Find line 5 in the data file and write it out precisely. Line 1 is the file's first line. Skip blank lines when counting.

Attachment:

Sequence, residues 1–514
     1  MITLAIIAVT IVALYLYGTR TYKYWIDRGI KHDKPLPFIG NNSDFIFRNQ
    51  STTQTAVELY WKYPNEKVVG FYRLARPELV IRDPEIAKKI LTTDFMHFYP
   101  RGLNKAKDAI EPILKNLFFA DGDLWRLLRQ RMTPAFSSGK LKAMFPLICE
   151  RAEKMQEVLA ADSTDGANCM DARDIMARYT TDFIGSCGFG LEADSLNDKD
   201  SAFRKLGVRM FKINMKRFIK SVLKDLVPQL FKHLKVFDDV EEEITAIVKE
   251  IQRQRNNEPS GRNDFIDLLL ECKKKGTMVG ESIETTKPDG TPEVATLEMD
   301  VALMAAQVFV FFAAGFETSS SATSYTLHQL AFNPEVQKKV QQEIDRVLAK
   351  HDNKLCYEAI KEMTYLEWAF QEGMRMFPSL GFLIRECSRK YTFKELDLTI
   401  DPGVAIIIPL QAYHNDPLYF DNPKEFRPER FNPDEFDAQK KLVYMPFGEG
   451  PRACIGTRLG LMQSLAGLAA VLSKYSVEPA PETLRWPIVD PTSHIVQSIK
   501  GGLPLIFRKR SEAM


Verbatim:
   151  RAEKMQEVLA ADSTDGANCM DARDIMARYT TDFIGSCGFG LEADSLNDKD